My sister is a somnambulist.
She has walked the length of sleep
in her childhood home
around the deck of a river cruiser
and into the arms of a home-invader
who woke her slowly, singing
Nights in White Satin.
She handed him a porcelain pig
and a plait of her hair
coiled in a cedar box.
He proposed on the spot
but she declined, insisting that sleep
interruption would be hell on pillow-talk.
He left with the pig and box of hair
waving and walking backwards
into a hole in the garden, where a metal spike
opened his leg from thigh to knee.
In the hospital she fell asleep
holding his hand, and on waking
unlaced their fingers and said
farewell in two languages.
He came by six months later. She saw him
limping up the drive, and did not respond
when he knocked and called her name
as though it were
a rare breed of raptor, and he a falconer.
As if to demonstrate, when laid open
how red and green are commensurate
with leaf, vine, and being eaten
I arrange halves of watermelon
the seeds like tear-drop
terminals on printer's plates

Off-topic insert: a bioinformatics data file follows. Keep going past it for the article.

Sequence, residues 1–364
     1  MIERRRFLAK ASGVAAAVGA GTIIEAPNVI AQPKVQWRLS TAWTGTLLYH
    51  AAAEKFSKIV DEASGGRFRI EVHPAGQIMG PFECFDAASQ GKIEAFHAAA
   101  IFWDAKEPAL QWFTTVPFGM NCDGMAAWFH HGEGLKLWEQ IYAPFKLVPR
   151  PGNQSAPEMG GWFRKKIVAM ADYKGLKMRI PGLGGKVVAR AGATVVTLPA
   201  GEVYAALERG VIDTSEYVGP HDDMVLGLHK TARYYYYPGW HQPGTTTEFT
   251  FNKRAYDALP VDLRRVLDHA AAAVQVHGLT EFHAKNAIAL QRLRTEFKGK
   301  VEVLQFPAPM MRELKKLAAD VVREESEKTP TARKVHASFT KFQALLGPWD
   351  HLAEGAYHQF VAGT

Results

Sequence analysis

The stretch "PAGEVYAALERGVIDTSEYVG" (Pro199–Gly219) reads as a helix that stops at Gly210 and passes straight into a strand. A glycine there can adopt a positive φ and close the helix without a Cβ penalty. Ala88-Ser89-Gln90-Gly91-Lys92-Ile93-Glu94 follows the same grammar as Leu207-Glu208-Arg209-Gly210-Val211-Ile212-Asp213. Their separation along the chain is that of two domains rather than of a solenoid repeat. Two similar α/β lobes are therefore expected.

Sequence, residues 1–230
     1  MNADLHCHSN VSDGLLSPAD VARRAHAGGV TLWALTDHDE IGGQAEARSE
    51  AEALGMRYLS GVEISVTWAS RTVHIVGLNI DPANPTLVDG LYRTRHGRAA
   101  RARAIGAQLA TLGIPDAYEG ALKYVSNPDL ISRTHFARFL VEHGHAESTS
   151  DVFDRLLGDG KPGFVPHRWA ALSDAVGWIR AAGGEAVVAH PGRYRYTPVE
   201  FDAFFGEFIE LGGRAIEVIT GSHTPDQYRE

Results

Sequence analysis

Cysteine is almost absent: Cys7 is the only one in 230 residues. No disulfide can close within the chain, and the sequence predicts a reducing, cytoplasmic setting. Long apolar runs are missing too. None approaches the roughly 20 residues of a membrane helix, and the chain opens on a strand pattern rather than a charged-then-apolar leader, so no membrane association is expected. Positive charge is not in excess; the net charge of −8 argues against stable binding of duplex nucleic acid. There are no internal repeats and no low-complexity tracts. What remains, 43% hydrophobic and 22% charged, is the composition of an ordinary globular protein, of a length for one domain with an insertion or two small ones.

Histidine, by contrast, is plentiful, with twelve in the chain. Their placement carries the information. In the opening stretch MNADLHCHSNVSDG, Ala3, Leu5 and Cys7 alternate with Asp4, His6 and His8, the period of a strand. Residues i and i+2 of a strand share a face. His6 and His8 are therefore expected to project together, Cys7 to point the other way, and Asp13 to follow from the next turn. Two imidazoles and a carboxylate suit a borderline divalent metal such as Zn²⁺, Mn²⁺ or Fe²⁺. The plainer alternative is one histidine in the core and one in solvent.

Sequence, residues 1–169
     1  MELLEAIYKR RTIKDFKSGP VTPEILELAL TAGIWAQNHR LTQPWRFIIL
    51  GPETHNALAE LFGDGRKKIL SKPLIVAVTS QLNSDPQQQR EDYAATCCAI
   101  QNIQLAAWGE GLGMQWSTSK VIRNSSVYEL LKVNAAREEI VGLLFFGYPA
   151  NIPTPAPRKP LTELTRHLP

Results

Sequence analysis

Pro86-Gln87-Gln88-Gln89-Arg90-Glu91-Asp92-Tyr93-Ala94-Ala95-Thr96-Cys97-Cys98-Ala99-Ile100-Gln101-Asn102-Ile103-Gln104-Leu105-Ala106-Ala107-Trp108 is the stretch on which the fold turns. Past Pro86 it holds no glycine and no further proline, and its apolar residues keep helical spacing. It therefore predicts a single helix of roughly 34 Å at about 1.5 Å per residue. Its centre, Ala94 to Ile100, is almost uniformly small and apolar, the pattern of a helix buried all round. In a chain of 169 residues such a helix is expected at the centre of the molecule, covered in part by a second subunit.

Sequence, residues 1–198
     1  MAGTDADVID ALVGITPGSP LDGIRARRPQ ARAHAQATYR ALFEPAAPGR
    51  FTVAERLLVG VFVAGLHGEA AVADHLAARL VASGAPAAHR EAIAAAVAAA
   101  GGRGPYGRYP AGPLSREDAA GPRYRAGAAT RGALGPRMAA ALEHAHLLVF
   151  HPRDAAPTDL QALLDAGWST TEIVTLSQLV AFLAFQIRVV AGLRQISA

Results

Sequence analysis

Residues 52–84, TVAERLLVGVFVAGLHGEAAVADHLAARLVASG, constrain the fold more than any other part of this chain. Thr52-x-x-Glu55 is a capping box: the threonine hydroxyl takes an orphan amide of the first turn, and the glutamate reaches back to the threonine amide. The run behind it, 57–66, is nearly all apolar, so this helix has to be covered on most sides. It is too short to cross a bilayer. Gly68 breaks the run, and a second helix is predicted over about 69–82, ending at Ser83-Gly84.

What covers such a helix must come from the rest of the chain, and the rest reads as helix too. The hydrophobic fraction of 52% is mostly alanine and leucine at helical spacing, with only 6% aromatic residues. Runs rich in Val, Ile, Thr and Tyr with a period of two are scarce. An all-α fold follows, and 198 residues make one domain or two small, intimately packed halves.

for a guide to the nature
of blood and skin. I consider
the taste and texture prior
to science being slipped
into the water, back when
you could determine ripeness
by slapping the rind. Now
to lift and palm the weight
to try and summon acoustic
resonance from the centre
the wet equivalent of heartwood
what I hear is more
like resistance, as though
its inner music had been made
refined through years
of harvests in a lab
the new generation farm shed.
Anthony Lawrence's most recent book of poems, Headwaters (Pitt Street Poetry, 2016) won the 2017 Prime Minister’s Literary Award for Poetry. He is a Senior Lecturer at Griffith university, Queensland, and lives on Moreton Bay.